With regards to Pikmin 3, what's one point of gameplay you can point to and say "that's only possible because of what the Wii U can do?"

When I create a game, I don't necessarily always try to approach it from the idea of leveraging every feature or every ability of that new piece of hardware. In the case of Pikmin in particular, the approach that we took was really less of an approach of how can we […] take advantage of what the Wii U is doing, per se, and instead how can we take what was that Pikmin experience and really make it a deeper experience for players.

So of course we're taking advantage of the graphics and improving the play control and whatnot and I guess if you were to look at it more broadly, you might not necessarily say that it would be impossible to do it on another system. But I guess speaking plainly, the idea is really that Wii U is the best system to be able to achieve all of the different things that we're trying to do with this new Pikmin game. One of the biggest features of Pikmin 3 is the fact that you have the map on the GamePad at all times and because Pikmin is a strategy game, it's the type of game that you might play the same levels over and over again. Having that map--and the fact that you have the three different leaders that you switch between to command your Pikmin--and having the touchscreen on the map will allow you to change perspective or jump to a specific leader and quickly give orders.It makes it much more efficient for you to achieve the goals that you have strategically within the game.

Pikmin 3 was recently delayed a couple of months. Can you talk about the reason for that delay and what's happened in the time since?

"And in my mind, there's really two kinds of games: games that get delayed and then there’s games that sort of shift [laughs]."

I don't know how far I should go in explaining this, but at Nintendo, there is often sort of a notion that the games I'm working on always get delayed. And in my mind, there's really two kinds of games: games that get delayed and then there's games that sort of shift [laughs]. And in the case of Pikmin, we were working on Pikmin in advance of [the Wii U launch] and I was spending a lot of time focusing on placement of items and enemies and things like that and levels. And so from my perspective, Pikmin gradually just became one of those games that sort of shifted [laughs]. I'm sorry. I know everybody is waiting for it.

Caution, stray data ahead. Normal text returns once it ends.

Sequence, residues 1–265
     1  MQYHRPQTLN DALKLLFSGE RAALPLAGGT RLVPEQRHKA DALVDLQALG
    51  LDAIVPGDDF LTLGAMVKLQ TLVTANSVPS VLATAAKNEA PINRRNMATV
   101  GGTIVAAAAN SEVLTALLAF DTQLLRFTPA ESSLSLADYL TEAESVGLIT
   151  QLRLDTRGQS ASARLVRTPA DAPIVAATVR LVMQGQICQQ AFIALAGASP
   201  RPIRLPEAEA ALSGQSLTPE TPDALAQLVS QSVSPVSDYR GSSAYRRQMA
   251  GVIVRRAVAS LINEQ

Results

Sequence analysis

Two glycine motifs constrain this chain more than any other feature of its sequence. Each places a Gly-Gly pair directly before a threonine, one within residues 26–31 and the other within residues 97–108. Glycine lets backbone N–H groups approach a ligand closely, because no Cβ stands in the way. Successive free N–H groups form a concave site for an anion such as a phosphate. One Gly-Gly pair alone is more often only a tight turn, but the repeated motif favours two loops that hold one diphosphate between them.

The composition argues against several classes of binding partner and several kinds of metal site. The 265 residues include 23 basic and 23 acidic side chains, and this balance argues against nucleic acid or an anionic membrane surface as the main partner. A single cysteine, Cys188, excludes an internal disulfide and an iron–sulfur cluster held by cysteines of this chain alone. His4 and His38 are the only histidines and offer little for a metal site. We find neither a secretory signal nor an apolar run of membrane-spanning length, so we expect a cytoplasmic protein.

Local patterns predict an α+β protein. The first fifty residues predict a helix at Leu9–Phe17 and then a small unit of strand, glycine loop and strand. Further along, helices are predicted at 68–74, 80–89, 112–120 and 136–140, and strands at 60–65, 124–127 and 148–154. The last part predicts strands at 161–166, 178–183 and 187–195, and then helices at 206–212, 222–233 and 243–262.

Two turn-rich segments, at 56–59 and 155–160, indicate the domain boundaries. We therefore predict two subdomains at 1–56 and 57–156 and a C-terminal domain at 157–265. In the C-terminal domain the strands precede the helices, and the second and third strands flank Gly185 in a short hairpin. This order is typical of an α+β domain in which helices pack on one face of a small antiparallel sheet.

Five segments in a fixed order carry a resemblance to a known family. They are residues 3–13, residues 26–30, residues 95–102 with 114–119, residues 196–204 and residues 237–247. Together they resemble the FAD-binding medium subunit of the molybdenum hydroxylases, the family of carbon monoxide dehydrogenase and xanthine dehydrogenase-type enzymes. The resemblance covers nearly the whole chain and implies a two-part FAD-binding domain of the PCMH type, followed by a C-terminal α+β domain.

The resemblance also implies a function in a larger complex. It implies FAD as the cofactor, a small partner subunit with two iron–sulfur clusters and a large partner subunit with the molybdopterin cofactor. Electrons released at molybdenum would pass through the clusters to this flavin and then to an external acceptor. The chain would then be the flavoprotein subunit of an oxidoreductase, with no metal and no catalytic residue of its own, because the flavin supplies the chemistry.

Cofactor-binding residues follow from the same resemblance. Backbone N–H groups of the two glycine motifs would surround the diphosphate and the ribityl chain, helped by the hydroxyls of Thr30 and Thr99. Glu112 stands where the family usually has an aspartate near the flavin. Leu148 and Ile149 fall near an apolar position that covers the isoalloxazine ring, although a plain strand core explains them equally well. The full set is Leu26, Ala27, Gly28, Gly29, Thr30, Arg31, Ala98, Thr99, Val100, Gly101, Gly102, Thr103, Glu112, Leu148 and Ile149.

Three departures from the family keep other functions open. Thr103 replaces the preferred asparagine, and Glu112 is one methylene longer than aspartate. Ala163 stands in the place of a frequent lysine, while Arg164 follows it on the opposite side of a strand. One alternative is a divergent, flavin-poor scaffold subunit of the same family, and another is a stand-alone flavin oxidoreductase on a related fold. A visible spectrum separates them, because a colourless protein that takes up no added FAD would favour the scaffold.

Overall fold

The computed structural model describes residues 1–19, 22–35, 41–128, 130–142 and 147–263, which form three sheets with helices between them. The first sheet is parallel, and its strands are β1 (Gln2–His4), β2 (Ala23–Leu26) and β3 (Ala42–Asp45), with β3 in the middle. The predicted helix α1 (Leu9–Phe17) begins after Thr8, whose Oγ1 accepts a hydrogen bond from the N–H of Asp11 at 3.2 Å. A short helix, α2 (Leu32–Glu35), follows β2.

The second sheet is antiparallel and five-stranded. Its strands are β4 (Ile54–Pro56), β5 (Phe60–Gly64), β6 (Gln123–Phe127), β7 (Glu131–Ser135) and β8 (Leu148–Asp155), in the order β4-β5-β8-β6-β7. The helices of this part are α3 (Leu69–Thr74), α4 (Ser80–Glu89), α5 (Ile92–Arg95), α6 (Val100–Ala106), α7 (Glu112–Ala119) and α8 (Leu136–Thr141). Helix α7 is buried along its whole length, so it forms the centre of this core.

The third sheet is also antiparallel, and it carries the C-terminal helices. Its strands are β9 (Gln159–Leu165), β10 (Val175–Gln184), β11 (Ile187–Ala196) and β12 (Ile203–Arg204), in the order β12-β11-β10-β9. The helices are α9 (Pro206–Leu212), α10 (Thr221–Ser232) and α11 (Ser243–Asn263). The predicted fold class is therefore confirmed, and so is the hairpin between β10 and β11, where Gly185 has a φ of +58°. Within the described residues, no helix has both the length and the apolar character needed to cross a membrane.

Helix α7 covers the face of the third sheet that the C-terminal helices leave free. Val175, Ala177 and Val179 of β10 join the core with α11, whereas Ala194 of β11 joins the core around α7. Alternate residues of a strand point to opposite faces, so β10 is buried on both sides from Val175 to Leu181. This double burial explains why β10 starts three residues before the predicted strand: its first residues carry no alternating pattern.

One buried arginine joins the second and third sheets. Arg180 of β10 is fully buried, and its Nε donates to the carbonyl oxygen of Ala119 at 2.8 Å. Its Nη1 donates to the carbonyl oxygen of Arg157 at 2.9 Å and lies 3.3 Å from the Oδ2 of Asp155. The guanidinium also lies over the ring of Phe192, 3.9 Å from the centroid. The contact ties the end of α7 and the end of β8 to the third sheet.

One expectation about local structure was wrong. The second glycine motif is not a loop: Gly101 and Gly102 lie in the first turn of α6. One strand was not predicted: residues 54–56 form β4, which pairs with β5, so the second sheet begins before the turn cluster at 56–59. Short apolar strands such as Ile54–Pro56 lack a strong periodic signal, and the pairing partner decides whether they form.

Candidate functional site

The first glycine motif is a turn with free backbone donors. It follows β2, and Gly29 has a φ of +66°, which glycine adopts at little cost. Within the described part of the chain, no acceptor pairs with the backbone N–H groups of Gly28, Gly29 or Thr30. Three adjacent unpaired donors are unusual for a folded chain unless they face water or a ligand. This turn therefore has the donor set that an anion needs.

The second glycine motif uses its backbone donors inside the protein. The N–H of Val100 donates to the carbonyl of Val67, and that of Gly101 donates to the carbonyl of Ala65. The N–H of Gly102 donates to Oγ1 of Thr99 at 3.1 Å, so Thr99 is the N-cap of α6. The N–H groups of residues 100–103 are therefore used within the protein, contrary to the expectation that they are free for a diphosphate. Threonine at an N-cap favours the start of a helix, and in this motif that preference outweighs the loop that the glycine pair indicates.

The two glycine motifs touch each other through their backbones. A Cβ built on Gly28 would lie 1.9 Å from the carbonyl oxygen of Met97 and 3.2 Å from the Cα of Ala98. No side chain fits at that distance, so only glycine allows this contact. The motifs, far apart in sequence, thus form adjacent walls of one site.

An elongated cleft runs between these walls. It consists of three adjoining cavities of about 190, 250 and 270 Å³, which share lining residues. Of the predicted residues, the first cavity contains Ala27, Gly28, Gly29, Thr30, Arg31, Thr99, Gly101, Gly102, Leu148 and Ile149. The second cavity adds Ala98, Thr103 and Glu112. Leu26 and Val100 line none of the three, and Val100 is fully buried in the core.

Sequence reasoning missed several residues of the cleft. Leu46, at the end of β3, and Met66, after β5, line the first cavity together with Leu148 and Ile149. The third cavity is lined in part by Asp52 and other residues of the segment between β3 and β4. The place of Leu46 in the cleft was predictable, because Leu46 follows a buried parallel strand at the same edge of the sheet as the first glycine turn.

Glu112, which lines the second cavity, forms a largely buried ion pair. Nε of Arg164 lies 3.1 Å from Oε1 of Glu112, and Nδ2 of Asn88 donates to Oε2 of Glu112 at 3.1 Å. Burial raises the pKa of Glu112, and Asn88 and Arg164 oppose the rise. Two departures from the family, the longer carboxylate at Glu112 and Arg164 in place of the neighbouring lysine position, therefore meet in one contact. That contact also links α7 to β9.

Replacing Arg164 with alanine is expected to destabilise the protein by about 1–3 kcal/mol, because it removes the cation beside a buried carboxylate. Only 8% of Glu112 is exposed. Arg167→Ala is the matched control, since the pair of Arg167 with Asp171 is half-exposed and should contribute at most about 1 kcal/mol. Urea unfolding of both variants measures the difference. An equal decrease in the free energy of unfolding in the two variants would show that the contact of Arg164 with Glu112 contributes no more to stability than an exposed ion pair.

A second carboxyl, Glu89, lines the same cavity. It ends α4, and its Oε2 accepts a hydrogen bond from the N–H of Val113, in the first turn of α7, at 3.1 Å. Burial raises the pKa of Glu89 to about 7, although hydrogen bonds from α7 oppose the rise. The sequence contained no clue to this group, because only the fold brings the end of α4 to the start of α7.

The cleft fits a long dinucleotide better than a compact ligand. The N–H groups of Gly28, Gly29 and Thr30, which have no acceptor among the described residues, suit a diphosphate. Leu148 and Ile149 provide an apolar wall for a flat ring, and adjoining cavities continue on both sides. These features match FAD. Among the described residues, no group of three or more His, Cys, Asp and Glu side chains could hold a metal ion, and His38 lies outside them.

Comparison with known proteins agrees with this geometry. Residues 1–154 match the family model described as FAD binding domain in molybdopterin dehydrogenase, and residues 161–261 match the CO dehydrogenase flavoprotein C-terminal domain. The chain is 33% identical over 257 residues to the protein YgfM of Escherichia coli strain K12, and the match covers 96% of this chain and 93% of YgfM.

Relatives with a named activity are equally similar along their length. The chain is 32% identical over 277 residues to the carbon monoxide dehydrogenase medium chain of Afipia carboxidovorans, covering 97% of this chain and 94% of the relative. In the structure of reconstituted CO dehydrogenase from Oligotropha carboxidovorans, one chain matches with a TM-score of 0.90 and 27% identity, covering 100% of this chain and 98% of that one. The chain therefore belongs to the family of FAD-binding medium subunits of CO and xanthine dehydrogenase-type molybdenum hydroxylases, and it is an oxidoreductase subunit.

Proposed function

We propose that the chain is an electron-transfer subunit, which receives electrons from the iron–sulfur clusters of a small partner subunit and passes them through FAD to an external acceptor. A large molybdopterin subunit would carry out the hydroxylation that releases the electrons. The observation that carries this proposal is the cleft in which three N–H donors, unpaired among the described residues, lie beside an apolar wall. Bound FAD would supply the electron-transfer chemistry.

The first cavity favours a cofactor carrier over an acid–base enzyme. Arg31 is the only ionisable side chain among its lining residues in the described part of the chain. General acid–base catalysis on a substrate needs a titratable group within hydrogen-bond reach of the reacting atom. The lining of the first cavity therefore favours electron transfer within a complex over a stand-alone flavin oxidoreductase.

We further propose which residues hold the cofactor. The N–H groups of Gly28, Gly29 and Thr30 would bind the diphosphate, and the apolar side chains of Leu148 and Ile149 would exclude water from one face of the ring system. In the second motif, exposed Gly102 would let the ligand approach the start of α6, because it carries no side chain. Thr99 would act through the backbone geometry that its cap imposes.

On top of Luigi's Mansion and Pkimin 3, Wind Waker for the Wii U is supplementing that lineup. Is Nintendo considering giving Wii U treatment to any other games, potentially older games like Metroid Prime?

Of course I can only talk about the titles we've announced publicly. We are thinking about the possibilities around that, but there's nothing I can share today. I guess I can say from my perspective, I’m more interested in creating new titles.

Going back to Luigi's Mansion, the franchise is one that has seen a dedicated following throughout the years. Why do you think that is?

The first thing I want to say is I'm very grateful to everybody who feels that way. There are actually quite a number of Luigi supporters internally, as well. And in fact the reason that we were able to do the Year of Luigi this year is because there were so many people who wanted to work on Luigi titles and it just, by coincidence turned out all of the projects they were working on ended up releasing this year.

When you have a meal in front of you, and you have people who eat meat or you have people who eat vegetables, there's sort of the main dish and then you might have a dessert or a salad. Luigi is green, so maybe he's kind of like a salad and right now it seems like people tend to like lighter fare. [Luigi] is a little weaker and timid and maybe people like timid things these days. I guess Link's green, too [laughs].

On the other hand, I do think that the world of Luigi's Mansion and sort of the kind of "scary feel" to the mansions and whatnot is something that has a big contrast to the Mario games, which obviously are very bright and more action-focused. So having that nice story that wraps around the Luigi games is something that perhaps lingers with people a little bit longer and when they think back and remember it, they think 'Oh, I want to experience that again.'